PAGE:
Warmer weather across eastern parts of the U.S. are forecast for the beginning of the week, bringing a preview of spring for millions of Americans — and much-needed rain to California.
Temperatures will be 10-20 degrees above average from parts of the Great Lakes and Ohio Valley into the Northeast. Temperatures in the upper 60s and low 70s for cities including Washington and New York will make it feel more like May 9 than March 9.
But record highs are hard to beat this time of year, especially after a record-setting warm spell in 2016. However, spotty record highs are possible for cities like Bridgeport, Connecticut, and East Milton, Massachusetts. Monday will be the warmest day of the week, but temperatures east of the Rockies will remain above average through Thursday.
In contrast to the warm and dry East, the West is gearing up for a cool and stormy pattern for the first half of the week.
An atmospheric river will pump in much-needed moisture to a parched California that is in desperate need of rain and snow in the Sierra Mountains. Showers can be expected along the central and southern California coasts on Monday, with more rainfall and embedded thunderstorms arriving Tuesday.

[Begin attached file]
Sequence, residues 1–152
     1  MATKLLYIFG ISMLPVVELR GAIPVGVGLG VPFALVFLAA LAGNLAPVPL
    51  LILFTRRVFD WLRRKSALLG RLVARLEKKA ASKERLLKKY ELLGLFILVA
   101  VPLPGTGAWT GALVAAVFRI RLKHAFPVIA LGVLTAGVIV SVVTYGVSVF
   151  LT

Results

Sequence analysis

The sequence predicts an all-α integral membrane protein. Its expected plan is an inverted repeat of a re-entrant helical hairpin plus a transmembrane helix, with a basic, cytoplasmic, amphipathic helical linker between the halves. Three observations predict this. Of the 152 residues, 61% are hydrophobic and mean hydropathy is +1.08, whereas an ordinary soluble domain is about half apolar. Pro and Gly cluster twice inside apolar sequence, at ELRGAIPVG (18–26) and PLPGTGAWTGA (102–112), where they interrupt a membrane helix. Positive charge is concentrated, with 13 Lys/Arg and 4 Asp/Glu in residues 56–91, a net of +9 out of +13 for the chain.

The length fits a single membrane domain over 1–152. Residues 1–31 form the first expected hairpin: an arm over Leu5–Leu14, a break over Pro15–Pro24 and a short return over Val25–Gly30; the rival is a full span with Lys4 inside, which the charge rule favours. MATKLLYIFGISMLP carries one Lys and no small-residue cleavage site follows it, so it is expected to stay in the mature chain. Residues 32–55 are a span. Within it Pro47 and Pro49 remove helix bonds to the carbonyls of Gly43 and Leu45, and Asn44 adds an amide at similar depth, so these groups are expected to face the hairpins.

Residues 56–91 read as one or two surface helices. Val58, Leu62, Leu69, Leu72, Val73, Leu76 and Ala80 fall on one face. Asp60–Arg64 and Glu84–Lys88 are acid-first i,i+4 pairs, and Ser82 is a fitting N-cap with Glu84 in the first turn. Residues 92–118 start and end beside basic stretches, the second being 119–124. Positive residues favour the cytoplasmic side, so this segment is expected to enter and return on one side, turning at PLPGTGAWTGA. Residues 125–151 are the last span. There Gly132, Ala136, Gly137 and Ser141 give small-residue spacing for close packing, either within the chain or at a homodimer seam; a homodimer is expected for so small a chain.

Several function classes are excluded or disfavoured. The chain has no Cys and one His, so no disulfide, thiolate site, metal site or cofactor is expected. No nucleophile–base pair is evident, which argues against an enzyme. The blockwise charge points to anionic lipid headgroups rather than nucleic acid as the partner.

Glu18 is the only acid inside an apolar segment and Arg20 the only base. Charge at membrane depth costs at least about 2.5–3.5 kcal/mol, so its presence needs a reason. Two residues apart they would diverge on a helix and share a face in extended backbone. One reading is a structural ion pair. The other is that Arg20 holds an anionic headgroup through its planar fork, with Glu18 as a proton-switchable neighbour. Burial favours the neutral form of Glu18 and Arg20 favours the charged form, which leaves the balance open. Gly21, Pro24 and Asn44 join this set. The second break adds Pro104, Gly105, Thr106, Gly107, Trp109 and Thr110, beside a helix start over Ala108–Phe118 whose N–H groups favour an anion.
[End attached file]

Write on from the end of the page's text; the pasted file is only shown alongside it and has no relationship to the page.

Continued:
Widespread rainfall amounts could be 0.5 to 2 inches, with some higher amounts locally of 3-5 inches, especially in the mountains. Some flash flooding, mudslides and landslides will be possible through Wednesday. This will be the most rain since December for Southern California.
Meanwhile, a weak storm system will cruise across the middle of the country on Monday, bringing some rain showers from the Great Lakes to the Gulf Coast. A light wintry mix could fall along the Great Lakes, and some thunderstorms could get feisty with gusty winds across eastern Oklahoma, but otherwise minor travel delays will be the greatest impact.
The weather looks to have little impact on Tuesday's primaries, with most places forecast to have temperatures from the 40s to the 70s and little in the way of rain.
And in climate news, the U.S. just had its sixth-warmest winter on record, with the five warmest all occurring since 1990. Twenty-two states, most of them along the East Coast, had a top 10 warmest winter on record.